The hub for UK dog care professionals

DEFRA rumoured to be considering dog walker licensing

Subscribe to our newsletter

To be updated with all the latest news, insights, and special offers.

Amid rumors and industry discussions, there is speculation that the Department for Environment, Food and Rural Affairs (DEFRA) might introduce licensing for professional dog walkers. This potential move aims to improve safety and standards in the dog walking industry.

The Pet Industry Federation held a focus group in May with a number of dog walkers participating. They highlighted the potential risks and incidents associated with unregulated dog walking activities, as well as the surge in demand leading to inexperienced individuals taking on excessive workloads. The group emphasised the need for licensing to verify competency, adherence to standards, and mandatory qualifications. Safety measures during dog walking, including proper control over dogs and clear emergency guidelines, were also a significant concern. Additionally, addressing dogs’ well-being, such as access to water, rest breaks, and avoiding extreme weather conditions, was deemed essential.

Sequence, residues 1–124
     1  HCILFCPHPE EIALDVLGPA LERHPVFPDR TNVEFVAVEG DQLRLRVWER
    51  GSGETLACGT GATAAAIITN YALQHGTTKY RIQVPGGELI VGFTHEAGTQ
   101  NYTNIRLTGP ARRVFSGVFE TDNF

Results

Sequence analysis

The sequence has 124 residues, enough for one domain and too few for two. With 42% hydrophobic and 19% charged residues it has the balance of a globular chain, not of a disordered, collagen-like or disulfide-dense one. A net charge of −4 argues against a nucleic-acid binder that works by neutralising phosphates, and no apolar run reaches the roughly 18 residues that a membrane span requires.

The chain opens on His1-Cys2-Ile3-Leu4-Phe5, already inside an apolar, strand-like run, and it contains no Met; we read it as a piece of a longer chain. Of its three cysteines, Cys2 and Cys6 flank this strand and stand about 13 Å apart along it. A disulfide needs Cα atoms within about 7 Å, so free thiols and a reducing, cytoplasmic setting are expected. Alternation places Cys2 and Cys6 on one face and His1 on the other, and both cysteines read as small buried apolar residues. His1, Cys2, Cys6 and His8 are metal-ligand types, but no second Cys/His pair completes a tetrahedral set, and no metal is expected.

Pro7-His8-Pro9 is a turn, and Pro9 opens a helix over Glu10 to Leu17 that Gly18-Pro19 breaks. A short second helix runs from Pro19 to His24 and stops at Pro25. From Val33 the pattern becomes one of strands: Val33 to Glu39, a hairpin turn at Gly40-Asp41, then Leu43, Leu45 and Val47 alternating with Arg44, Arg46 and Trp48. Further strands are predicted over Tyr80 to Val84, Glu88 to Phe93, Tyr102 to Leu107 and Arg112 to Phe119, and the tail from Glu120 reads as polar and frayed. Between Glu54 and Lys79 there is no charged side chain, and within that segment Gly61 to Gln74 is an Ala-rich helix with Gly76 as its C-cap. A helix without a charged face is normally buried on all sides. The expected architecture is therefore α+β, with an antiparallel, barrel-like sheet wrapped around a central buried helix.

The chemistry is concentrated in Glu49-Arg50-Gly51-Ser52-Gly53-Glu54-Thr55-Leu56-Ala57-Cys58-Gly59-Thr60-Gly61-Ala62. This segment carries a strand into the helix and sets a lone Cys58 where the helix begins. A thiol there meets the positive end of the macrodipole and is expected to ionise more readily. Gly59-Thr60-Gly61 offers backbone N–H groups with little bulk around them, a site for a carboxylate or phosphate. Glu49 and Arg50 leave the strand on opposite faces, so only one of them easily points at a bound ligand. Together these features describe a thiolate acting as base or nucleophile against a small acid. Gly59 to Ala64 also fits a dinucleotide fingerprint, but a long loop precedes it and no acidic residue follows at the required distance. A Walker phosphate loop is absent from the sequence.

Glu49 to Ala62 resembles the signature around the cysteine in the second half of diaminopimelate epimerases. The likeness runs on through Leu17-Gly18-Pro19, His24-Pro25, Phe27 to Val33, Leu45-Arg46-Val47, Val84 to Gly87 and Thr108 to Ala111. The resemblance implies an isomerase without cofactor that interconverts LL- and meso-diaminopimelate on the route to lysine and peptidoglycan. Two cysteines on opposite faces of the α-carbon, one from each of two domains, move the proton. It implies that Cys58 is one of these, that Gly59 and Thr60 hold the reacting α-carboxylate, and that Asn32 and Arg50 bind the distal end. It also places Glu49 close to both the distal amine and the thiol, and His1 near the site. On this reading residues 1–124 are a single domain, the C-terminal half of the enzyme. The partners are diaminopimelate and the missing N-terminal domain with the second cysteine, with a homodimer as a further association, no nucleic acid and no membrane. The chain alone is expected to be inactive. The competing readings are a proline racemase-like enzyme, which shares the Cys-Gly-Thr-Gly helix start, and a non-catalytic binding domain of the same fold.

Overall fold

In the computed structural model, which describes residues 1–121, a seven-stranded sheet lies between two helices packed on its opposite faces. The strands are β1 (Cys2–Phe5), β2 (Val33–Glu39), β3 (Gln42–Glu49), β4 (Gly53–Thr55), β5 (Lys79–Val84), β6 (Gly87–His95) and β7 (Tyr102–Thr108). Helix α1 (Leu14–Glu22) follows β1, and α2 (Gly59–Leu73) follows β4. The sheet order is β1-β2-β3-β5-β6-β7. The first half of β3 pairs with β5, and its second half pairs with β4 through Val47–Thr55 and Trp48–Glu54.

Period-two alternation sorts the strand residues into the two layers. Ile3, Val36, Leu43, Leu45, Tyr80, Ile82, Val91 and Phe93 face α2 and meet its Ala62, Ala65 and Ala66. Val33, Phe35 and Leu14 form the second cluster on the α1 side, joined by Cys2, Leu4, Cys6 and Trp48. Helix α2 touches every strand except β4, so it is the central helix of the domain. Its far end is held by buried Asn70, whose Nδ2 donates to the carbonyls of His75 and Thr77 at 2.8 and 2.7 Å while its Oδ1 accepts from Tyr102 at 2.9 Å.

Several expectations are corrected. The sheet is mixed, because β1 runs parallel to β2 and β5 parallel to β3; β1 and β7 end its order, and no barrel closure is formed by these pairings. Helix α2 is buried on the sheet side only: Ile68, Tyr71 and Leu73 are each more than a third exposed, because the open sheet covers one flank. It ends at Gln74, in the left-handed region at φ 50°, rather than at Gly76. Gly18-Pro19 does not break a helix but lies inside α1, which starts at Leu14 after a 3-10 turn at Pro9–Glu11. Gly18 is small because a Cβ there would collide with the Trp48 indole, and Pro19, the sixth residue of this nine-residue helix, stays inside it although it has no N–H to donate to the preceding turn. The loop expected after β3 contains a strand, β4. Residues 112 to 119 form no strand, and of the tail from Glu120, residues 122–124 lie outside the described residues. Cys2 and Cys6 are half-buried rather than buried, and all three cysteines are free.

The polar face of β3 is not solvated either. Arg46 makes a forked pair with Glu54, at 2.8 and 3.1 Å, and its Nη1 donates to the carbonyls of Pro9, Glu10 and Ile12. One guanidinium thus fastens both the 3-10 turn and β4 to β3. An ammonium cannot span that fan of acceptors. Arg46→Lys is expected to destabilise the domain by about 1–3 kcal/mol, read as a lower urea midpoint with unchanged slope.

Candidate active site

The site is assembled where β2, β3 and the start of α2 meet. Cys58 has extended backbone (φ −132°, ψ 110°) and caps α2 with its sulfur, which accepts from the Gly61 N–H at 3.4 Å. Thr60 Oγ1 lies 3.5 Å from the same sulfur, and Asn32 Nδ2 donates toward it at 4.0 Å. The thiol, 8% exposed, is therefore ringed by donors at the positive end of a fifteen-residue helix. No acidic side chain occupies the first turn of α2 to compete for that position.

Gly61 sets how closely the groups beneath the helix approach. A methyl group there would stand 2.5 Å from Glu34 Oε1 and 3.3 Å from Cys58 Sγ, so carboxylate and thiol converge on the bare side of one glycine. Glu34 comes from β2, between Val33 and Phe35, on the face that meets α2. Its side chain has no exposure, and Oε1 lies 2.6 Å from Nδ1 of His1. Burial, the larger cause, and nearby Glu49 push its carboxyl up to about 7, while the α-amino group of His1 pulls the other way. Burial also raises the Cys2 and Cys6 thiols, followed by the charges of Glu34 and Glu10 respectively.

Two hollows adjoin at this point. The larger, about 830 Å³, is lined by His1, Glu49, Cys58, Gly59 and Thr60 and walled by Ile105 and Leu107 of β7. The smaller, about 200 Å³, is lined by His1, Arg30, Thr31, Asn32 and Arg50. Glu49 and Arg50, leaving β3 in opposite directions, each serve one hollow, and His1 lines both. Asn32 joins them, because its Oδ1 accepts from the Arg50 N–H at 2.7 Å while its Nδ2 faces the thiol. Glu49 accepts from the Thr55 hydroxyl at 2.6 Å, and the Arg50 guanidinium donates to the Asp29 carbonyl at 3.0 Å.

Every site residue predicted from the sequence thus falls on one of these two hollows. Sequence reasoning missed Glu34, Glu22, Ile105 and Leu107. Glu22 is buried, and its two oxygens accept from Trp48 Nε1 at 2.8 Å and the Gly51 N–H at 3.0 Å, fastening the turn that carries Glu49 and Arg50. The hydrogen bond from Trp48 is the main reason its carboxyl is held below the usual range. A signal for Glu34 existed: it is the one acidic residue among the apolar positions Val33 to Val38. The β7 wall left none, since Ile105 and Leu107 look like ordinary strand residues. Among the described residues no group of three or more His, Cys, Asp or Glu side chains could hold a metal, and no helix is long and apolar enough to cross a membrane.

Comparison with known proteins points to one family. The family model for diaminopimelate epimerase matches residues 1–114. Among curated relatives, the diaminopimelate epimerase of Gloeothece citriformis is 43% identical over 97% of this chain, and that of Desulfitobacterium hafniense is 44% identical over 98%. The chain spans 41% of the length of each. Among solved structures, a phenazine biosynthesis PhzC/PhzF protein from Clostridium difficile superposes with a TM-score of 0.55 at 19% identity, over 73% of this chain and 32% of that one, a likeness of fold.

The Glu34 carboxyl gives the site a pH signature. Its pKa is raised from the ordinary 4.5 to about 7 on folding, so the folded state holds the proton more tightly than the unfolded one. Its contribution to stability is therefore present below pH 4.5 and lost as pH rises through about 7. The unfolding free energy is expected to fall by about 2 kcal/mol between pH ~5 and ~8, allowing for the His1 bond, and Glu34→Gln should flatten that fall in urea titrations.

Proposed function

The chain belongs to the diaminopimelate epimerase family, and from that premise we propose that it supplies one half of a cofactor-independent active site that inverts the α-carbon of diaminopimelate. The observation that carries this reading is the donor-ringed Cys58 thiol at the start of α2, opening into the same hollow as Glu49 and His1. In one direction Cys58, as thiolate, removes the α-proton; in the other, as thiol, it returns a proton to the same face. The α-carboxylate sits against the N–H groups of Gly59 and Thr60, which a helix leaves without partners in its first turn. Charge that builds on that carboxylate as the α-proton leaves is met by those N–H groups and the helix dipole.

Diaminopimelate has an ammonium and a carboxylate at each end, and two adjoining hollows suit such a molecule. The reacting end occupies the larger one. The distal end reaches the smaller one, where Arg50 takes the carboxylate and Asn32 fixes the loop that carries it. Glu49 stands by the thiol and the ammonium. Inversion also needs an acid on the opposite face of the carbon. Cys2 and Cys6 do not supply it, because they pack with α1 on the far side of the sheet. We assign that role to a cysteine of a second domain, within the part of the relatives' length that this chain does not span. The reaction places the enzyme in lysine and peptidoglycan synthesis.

However, participants also emphasised the need for consistent regulations and licensing requirements across different councils, in addition to questioning the local authorities’ capacity to assess and grant licences in a timely manner. Several dog walkers who GoFido spoke to subsequently echoed these concerns. One dog walker expressed their apprehension, saying, “I understand why licensing is necessary, but I can see some issues popping up when they try to put it into action. Look what happened when they introduced licensing for doggy day care – it was and still is a bit of a mess. And there are so many more dog walkers than day care places, so you can imagine the level of confusion that might happen. It’s a bit worrisome, to be honest, as it’s our livelihood.”

For more information on the proposed licensing scheme and to provide your input, visit DEFRA’s official website or engage with your local authorities.

Share this article with fellow dog carers in Facebook or WhatsApp groups, or on social, by clicking the icons below.